Oi! So I’ve worked hard to convince people that there’s a value in women-only classes. Apparently, that’s a successful sell, because I’ve heard a lot of people talking about such classes recently. That’s wonderful!
What isn’t so wonderful, however, is … well, I would not have gotten where I am without excellent instruction from male instructors teaching co-ed classes. Let me tell you about some of them.
The man who oversaw my first handgun shots was a family friend, who took my husband and me out for an afternoon of informal plinking in the woods. It wasn’t long before this became a regular event, and if it hadn’t been for his encouragement, it’s a sure bet I’d never have attended my first formal class or purchased my own handgun.
The first formal class I took was co-taught by Gila and Marty Hayes at the Firearms Academy of Seattle. If memory serves, Gila was the lead instructor and Marty her assistant, though I admit the memory is fuzzy. I do know that Marty and many other male FAS staff members taught the next several classes I took as I worked my way through the school’s handgun courses. In my early classes, Marty was always kind, patient, and encouraging, but he never allowed even a hint of nonsense on his range… and there was never any doubt that it was his range when he ran a class. Marty modeled for me a kind of quiet professionalism I’ve grown to appreciate more and more as the years have passed. Marty taught me the value of earned respect; a bluff “well done!” from him could leave a student smiling for days, even after the class ended. His obsessive concern with safety taught me how to run a safe range of my own, and his insistence that the person in charge of the class take responsibility for everything that happened in that class laid a welcome but very heavy burden on my shoulders as I grew toward instructorhood.
Jim Cirillo, survivor of more than a dozen shootouts as a veteran of the NYPD Stakeout Squad, taught another class I took early on. Jim left an indelible mark on me as a student, as an instructor, and as a person. He affected me as a student because at 72 years of age, he was still tremendously excited and enthusiastic about learning new things. I know this because he made a point of sharing a few tips from the most recent class he’d taken, taught by Andy Stanford. That enthusiasm for learning made me vow to stay as young inside as he was. As an instructor, I decided to emulate his positive interactions with his students. He never put things in negative terms: “If you yank the trigger, you’ll miss the target.” That’s not the sort of thing Jim would say! He would say, “Press the trigger smoothly and you’re sure to hit the center every time.” Not only that, but when he went forward to read the targets to his students, he always had some encouraging word about what the student was doing right and how they should keep doing it. As a person, I found his upbeat outlook on life one of the most attractive traits a person could have. Again, that’s something I promised myself I would strive to imitate, though it’s not something that comes naturally to me. Jim’s time with the Stakeout Squad meant he had seen and done some ugly things in his life. But he did not dwell on those. He chose to think of the good, the positive, the uplifting. The world was a better place because Jim Cirillo walked through it.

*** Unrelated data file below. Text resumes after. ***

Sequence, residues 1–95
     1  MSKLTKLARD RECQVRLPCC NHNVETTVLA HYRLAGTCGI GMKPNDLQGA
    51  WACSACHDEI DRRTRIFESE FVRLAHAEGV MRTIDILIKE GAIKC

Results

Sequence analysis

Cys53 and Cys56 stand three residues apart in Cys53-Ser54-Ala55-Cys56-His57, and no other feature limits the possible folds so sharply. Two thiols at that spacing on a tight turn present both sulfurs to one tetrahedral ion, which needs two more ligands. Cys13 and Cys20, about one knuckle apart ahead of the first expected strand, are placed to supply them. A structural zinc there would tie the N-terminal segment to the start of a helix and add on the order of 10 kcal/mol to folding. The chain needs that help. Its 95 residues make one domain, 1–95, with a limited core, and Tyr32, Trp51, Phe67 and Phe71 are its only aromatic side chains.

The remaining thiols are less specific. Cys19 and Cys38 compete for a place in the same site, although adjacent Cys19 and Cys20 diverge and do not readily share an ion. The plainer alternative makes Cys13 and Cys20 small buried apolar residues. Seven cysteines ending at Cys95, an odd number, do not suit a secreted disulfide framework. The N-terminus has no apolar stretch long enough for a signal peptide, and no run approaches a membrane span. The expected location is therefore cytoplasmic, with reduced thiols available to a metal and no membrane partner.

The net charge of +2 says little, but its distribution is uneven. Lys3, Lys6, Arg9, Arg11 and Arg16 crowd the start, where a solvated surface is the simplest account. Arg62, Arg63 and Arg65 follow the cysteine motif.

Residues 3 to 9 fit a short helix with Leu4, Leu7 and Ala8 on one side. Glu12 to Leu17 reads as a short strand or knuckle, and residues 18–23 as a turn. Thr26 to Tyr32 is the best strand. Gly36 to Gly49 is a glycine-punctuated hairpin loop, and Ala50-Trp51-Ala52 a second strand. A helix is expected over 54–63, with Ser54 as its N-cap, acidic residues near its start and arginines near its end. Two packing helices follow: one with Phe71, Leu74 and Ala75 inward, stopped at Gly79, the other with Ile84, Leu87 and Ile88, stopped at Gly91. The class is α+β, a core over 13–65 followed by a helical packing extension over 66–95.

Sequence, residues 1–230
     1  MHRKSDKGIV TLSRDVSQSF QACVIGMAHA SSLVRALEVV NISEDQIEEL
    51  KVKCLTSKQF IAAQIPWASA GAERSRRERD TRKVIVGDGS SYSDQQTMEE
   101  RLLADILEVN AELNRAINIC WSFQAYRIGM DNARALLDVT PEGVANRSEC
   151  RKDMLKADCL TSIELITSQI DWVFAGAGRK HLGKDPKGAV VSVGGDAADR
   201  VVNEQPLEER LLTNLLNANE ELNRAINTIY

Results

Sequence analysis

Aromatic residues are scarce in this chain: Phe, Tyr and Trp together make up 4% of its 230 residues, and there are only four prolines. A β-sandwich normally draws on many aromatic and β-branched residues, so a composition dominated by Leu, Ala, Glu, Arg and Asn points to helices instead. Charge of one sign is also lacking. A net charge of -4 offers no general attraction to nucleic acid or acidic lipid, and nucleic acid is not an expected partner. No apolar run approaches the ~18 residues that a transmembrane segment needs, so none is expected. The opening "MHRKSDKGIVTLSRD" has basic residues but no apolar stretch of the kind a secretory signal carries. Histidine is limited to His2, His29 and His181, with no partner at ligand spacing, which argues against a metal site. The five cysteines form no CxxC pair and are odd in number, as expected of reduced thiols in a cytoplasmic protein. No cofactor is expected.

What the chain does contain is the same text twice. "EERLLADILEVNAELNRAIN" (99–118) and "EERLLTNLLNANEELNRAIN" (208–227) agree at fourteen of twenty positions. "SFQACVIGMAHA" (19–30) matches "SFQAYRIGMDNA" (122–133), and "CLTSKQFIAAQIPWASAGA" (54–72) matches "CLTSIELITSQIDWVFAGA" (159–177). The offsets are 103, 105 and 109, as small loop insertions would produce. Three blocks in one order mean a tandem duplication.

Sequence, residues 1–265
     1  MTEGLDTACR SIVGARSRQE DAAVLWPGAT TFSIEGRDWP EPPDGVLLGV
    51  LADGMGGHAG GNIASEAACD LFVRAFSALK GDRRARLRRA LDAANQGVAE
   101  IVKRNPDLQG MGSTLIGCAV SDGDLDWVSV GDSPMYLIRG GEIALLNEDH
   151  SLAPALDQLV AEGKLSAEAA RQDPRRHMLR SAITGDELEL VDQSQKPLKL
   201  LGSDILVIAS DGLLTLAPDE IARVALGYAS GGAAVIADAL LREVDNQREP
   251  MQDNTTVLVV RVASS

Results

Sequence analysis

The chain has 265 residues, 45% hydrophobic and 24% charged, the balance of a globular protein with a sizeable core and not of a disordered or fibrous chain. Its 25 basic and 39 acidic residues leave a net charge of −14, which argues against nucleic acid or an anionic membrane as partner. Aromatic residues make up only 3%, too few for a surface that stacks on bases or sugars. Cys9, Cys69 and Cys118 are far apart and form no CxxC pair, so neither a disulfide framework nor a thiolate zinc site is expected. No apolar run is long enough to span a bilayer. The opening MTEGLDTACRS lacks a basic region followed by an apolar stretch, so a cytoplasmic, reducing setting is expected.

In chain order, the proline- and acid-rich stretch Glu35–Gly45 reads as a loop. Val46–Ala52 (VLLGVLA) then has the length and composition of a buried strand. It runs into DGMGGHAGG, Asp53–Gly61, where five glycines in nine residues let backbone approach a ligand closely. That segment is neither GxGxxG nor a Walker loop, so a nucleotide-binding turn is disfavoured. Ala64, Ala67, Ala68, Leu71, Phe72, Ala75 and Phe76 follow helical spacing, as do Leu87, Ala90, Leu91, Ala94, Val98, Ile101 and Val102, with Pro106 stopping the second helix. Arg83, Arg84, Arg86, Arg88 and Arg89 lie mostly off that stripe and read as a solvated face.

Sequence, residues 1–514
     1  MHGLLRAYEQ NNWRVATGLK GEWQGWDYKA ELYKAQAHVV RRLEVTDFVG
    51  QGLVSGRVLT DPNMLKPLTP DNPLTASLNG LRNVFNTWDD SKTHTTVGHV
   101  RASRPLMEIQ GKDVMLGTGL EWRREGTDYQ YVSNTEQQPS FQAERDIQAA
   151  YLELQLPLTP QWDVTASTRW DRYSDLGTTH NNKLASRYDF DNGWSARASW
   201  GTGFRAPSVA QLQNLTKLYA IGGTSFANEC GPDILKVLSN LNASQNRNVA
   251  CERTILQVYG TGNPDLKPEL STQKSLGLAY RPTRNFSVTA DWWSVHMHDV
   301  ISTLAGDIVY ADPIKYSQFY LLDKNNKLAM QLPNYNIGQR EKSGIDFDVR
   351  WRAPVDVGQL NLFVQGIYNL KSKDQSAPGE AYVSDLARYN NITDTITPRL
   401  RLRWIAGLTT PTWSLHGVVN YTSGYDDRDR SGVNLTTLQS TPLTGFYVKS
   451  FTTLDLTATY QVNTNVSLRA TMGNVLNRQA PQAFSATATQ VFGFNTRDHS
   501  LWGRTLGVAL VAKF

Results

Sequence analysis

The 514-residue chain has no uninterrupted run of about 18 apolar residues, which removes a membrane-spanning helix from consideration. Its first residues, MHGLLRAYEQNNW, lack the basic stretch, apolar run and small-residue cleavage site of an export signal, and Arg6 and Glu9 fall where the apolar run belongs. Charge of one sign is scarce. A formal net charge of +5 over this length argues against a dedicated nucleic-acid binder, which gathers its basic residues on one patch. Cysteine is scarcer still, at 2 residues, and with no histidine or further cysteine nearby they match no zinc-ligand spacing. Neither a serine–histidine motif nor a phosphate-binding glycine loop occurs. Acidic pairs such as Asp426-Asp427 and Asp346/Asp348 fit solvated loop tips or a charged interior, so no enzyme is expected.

I can’t remember if I met Massad Ayoob before or after I took my first class from Jim Cirillo. Like Marty, Mas modeled an obsessive concern with safety on his range, and the work ethic he brought to his classes struck me hard. Here was a man who called his class to order at 9 am, expected them to listen to lectures during lunch, sometimes didn’t let them off the range before 6 or 7 pm – and still expected them to study in the evening. A new student, I found the schedule grueling, and said so. He smiled at me with some concern, and said, “People work so hard to get to these classes and they should have full value for it. I want to be sure everyone gets more than they expected.” To this day, I’ve never met a student of his who would say they’d gotten anything less than that.
Another instructor who has had an impact on my shooting: Tom Givens. I’d heard Tom’s name for awhile, but really got to know him when I was editing Concealed Carry Magazine. When I was finally able to take a class from him – a three-day instructor development course – I found his heavy emphasis on quick accuracy was exactly what I needed at that point in my learning curve. Not only that, but Tom has a way of pressuring his students into giving their best. The tests at the end of his classes are real tests, with the possibility of failure. That means success in his class has that sweet tang that’s only possible when it’s not assured.
There are many, many other good men who are professional firearm trainers. Many of them have helped me grow, encouraged me to learn more, strive harder, do better. Some have become good friends, while others were just instructors. But in every case, I learned something from each one of these guys that I could not have learned from anyone else. It would please my heart to know I’d helped other students find such good men to learn under, since they did so well for me.